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SHARKHUNTERS International
2016 "Hitler in Argentina"
     Expedition

This will be quite a difficult day as we must drive 700 kilometers.  Okay, so driving 700 Km (450 miles) does not seem like all that much but in heat more than 105║ and on roads that sometimes appear as if the farmer is almost ready to plant soy beans on what passes as a road.........this is a tough day.  Come along with us as we cross a very modern bridge from Uruguay back into Argentina.

 
That's the bridge in the distance   Note all the suggestions posted on the power poles
     
 


Onward we go into "TBA"............

 

For the next several days we will be operating in what is known as TBA which means the Tri Border Area.  This was a great place for anyone wanting to remain safe in those days and years after the end of World War Two.

We do not see Uruguay on this map as it is far to the south of this area.  We crossed the Uruguay River on the bridge we see in the four photos above then drove northward through Argentina (the grey area on this map) to the area near San Ignacio.

The long grey finger is the northeastern part of Argentina.  To the north and west of this part of Argentina is Paraguay seen outlined in yellow while to the north and east is Brazil.  The distance from one country to another is minimal at best, making it quite simple to just change countries and friendly governments in an hour or less if danger threatened.  In some places of refuge in Argentina (under Pero˝) we look across the river to the shores of Paraguay (under Str÷sner) both dictators and both countries being friendly to those of the Third Reich and to the east nearby is Brazil, also friendly and incredibly remote at this moment in history.

You will want to refer to this map for the next few days.

 


This is being posted on 17 March 2016 - St. Patrick's Day and even though corned beef is a standard for this day, it is not the reason we are posting this group of photos.

Our first stop was not all that far into Argentina after crossing the Rio Uruguay was Pueblo Liebig, famous for its corned beef.  It is said that they provided tremendous quantities of this staple to the British Army in both World Wars.

We stopped at the busy Tourist Office here in Pueblo Liebig - you can see how busy they are.  The woman in charge is sitting outside in the shade with her young daughter - and it isn't even siesta time yet but it is about 105║ and there is no air conditioning in the tourist office.  We went inside and she answered all our questions - but photography inside was forbidden!  Why?  I didn't see anything that looked particularly secret or even interesting.

As we see in our photos, the place is closed down now - but............

 
     
 

Yep - the place looks really out of business.....

 

.....but why is there a guard at the gate?

     
 

Certainly LOOKS closed down.....

 

.....but why were we told NO PHOTOS?

     
 
If the place is closed down; why
1.  is there a modern truck here with the engine running?
2.  do we hear machinery noises coming from buildings?
  If the place is closed down, why is this sign
and the entrance area so well kept?


There might be a simple answer to these questions but I am sure it has nothing to do with the war or of escaping Third Reich people.  Martin suggested that since this facility sits on the banks of the river and the presence of guards and photography forbidden policy, there probably is something illegal going on.  What was it?  Since it had nothing to do with World War Two history and since Martin suggested it might have to do with the narcotics smuggling in the area and since neither of us wanted to be killed - we left the factory.  As previously stated - I think of myself as brave; not stupid!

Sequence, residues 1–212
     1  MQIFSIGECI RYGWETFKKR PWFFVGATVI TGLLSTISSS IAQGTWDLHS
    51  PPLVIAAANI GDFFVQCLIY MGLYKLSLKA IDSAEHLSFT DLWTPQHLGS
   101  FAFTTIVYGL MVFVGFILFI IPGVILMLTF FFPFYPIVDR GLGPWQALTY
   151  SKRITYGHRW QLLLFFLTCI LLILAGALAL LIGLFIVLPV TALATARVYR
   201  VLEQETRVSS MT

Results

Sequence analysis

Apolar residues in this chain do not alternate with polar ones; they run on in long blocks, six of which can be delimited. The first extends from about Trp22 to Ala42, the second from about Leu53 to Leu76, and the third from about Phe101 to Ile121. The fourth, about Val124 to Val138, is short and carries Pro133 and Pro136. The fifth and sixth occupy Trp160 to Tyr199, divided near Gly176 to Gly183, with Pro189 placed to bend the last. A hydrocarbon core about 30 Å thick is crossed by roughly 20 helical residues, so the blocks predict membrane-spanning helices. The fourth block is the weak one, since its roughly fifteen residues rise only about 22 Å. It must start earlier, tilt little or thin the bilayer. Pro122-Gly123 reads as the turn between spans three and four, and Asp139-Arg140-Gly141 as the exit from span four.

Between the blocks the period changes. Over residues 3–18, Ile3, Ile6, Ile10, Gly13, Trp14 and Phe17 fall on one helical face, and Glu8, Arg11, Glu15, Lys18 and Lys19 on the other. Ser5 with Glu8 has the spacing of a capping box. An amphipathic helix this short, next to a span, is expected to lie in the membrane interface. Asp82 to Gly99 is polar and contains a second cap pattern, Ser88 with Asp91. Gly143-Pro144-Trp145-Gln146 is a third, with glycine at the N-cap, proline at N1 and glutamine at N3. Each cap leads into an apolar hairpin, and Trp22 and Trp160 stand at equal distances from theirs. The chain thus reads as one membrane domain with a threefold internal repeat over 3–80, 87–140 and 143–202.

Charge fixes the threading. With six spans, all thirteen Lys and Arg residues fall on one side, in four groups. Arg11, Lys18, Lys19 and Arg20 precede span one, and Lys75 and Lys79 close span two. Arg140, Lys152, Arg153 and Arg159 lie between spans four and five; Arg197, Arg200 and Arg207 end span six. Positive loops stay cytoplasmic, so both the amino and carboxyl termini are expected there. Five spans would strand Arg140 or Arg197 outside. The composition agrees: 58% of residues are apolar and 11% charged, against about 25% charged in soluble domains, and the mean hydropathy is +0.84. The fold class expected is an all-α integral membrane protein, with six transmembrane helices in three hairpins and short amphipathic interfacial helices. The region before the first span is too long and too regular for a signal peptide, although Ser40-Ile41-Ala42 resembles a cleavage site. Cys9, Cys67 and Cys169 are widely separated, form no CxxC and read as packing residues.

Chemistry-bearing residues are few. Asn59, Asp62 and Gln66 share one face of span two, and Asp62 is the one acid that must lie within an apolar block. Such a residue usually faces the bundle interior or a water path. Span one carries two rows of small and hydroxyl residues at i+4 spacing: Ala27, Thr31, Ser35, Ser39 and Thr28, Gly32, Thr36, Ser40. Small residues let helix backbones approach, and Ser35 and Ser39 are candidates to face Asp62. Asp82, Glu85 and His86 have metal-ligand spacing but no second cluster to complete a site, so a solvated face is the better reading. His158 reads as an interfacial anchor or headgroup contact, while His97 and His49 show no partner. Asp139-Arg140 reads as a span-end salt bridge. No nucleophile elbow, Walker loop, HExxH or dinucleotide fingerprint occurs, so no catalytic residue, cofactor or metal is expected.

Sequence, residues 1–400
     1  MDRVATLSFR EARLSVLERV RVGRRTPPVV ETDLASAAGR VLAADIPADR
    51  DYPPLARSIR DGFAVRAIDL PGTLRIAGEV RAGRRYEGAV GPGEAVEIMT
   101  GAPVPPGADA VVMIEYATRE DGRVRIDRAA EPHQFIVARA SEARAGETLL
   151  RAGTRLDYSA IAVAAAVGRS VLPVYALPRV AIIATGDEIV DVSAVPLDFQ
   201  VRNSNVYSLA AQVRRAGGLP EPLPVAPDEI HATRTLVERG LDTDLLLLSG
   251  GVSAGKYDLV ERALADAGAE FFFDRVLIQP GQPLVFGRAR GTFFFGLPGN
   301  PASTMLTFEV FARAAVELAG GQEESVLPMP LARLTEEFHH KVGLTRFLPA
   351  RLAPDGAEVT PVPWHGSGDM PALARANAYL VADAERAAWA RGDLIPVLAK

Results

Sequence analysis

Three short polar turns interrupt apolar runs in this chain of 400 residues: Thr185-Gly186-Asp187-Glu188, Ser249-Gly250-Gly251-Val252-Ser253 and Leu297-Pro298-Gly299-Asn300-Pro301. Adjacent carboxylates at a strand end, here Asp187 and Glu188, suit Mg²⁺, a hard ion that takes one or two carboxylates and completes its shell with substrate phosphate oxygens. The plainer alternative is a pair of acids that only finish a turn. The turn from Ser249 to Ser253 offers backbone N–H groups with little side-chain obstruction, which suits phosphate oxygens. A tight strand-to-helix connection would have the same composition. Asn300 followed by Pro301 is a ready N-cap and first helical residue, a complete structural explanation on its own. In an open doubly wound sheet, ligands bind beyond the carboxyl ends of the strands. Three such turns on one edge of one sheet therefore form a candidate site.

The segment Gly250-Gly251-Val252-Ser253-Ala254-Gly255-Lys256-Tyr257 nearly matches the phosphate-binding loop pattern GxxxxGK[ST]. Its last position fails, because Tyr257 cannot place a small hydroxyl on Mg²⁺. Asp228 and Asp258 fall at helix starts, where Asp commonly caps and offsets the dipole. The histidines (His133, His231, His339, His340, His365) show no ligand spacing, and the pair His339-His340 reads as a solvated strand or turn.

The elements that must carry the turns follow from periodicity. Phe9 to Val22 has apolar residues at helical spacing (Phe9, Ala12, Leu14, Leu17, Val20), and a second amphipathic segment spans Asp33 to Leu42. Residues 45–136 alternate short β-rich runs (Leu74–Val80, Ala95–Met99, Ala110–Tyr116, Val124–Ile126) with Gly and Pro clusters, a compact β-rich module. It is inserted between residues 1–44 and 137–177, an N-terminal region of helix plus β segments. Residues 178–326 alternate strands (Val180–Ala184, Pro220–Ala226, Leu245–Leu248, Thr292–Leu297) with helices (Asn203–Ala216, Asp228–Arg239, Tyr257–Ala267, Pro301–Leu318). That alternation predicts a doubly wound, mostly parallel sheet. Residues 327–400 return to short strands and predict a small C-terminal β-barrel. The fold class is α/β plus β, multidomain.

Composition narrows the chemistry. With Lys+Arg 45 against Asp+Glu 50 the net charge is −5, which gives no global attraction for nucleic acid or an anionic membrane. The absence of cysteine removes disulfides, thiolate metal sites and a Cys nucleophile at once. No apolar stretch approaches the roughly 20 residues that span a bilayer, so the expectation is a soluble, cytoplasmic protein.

We visit the memorial plaque to Baron Justus von Liebig and the children's park named for him, then we depart this unusual and very unique place and headed for..........Bavaria?  Driving down mile after boring mile of Argentine highway we suddenly see this pop up in the middle of nowhere.  HUH?

 

In this desolate place?  The kids.....

 

.....the Valkyrie?  We HAD to stop here!

     
 

No, we are not in Bavaria.....

 

.....I checked the map.

     
 

Looks like they have plenty of beer.....

 

.....and wine.  They never run out.

     

So how does one explain such a place along a remote section of Argentine highway, far away from anything?

We do not try to explain it at all.........just have a great lunch of ham and cheese sandwiches.

We must travel a great distance and the sun is casting long shadows so we said goodbye to this fascinating place and continued on up the highway.

 

 

 

Yippee-Yappee

Tomorrow is going to be a very busy day.  We have much ground to cover and as you will see, probably the toughest days of this expedition are ahead.

This is little village of Yapeyu and although I pronounced it 'Yippee-Yappee' Martin gave me the correct pronunciation of 'SHAP-ah-shoo' in Argentine Spanish.  Found a great place for the evening and we each had an entire bungalow.  Must be family oriented as each bungalow had a master bedroom with double bed, closet etc. plus four single beds in the outer room as we see here.  I did have to share my shower with a long handled squeegee...

What is so important to we historians is the fact that we are looking across the river at the shore of Paraguay.  How simple was it back in those days to zip across the river if danger threatened?  It was really simple.

     
 
     
 

No worries about the mosquitoes that carry Zika and Dengues viruses in this area.  We are told that the affected area is a couple hundred miles north.....right where we are going!  We also learned that the affected mosquitoes carried both of these viruses but also Yellow Fever as well.  The Chamber of Commerce doesn't put that on the travel brochures.

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